23 October 2010


30th Sunday in Ordinary Time
Lk 18:9-14

Our parable today is popular. Why? Because it has our favorite villain in the gospels: a Pharisee.
But, please, do not conclude that all Pharisees are enemies of Jesus. Nicodemus – a secret follower of Jesus – is an example of a good Pharisee.
The word “Pharisee” means “the separated ones”. They are separated from the rest, not ordinary, because of their very rigid interpretation and observance of even the minutest detail of the Mosaic Law. In the eyes of those around them, the Pharisees are very obedient to God. But how does God really see them?
In the parable of the gospel today, the privacy of his home is not enough for the Pharisee to contemplate on his moral excellence. He must go the temple and there recite to God a litany of his good deeds. While praying, he spies on a a tax collector – a public sinner. Whoever invented the expression “holier than Thou” must have this parable in mind.
A wise man said that when the world is unanimous in condemning someone, better watch out. No living person is so evil that he has not even a single grain of goodness in him. St. Augustin also said that “since God became human, we can be sure that in everything human we can find something of the divine.”
If we were lawyers, could we put up a defense in favor of the Pharisee in the gospel today? Would we find even, at least, a spark of goodness in him?
Yes, we would. There is, in fact, more than just a spark of goodness in this Pharisee. He fulfills his religious obligations, fasts more than what the Law requires, and gives generously in support of the temple. He is also not avaricious, not a double-crosser, and not a slave to the basic cravings of the human body. As far as our eyes can see, this Pharisee is a “living saint”.
If we think he is proud for enumerating his good deeds and good qualities, we are wrong. He is not talking to us. He is talking to God. He is not boasting, he is giving thanks to God. This Pharisee is giving credit where credit is due. And should we not all learn to be more thankful to God? If it were not for God’s help, we cannot do anything good. To thank God, because He helps us not to be bad, is a kind of prayer that truly pleases God.
But not even the best lawyer in the world can prove the innocence of this Pharisee. To begin with, it is Jesus Himself who accuses him and renders the guilty verdict. Thus, it is important for us to understand why this parable ends the way it does. What great sin is this Pharisee guilty of?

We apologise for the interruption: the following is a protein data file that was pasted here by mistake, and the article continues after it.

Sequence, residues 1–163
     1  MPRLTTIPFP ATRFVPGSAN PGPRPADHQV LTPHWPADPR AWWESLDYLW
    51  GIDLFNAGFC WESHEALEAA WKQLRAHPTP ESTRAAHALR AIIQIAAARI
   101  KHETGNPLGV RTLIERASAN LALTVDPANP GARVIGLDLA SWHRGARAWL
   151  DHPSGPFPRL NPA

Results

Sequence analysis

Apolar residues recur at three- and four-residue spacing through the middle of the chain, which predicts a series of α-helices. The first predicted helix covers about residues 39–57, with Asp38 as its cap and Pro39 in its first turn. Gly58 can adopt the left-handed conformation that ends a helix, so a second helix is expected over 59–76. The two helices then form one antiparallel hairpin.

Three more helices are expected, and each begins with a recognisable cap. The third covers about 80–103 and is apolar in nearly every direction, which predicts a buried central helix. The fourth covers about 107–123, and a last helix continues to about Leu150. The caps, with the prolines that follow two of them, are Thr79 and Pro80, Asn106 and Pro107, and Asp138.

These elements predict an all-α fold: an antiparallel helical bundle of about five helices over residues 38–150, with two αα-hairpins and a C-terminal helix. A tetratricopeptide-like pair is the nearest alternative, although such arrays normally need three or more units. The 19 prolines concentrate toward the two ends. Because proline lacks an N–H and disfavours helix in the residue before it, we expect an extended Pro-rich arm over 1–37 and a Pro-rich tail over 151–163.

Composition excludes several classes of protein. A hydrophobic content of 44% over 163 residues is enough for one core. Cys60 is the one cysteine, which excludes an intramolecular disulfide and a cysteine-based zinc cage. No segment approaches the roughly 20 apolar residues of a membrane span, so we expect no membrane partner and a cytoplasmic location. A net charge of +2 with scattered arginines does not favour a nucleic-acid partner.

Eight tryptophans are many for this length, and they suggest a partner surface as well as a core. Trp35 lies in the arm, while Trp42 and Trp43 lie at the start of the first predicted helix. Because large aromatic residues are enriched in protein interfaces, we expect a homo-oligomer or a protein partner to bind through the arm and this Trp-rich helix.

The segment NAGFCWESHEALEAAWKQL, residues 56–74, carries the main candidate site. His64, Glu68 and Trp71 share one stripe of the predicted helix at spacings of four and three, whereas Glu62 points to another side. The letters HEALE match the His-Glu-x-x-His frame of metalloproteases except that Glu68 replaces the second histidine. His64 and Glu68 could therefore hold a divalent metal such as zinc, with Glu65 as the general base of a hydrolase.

This Pharisee is not guilty of pride as he is guilty of self-righteousness. Through this parable, Jesus defines what self-righteousness really is. The self-righteous person is not simply the proud person. To boast of one’s virtues and good deeds is harmless vanity. The essence of self-righteousness is in holding others in contempt. Our gospel today begins with “Jesus spoke the following parable to some people who prided themselves on being virtuous and despised everyone else.” The pride of the self-righteous person is always competitive. He does not only say “O, how good a person I am!” Rather, the self-righteous declares, “O, how good a person I am THAN YOU!” The Pharisee in our parable today thanks God because he claims to be different from the rest of twisted humanity, most especially the Publican who is a mere spitting distance away from him inside the temple. Does anyone have the right to judge his or her fellow human beings that way?
No one readily accepts his own self-righteousness. But many are too quick to judge others as self-righteous. Is there anyone here in this Mass who confesses to his own belittling of others, to his rash judging of others, to his prejudice of others? None. But that does not mean that there are no self-righteous among us.
Self-righteousness is an insidious sin. The person who quickly accuses others of self-righteousness may well be more guilty of the same sin. We need not appear at all like the puff-up Pharisee of the parable in the gospel today. This sin is rarely obvious. Anyone who rashly judges and belittles his neighbor is no different from the Pharisee of this parable. In our days, Pharisees are an extinct breed, but Pharisaism still exists today.
In Mt 7:1, Jesus warns us: “Judge not so that you may not be judged.” The Pharisee in the parable today might have witnessed the tax collector’s one thousand and one sins, but he does not see nor does he cares that while he judges the tax collector, the tax collector is actually reconciling with God.
“O God, be merciful to me, a sinner” – this is the tax collector’s guilty plea before God. “O God, be merciful to me, a sinner” – this is all he can honestly tell God. “O God, be merciful to me, a sinner” – no explanations, no alibis, no beating around the bush – this is his prayer. Compared with the Pharisee’s litany of good deeds, this one sincere statement of the this tax collector seems to be nothing. But when they finished praying, it is the Publican, not the Pharisee, who goes home in good terms with God.
“O God, be merciful to me, a sinner.” Is there anyone here who wants to add more to this plea?
We have come to worship God. Are there Pharisees and tax collectors among us?
When we are done praying, how will we go home?


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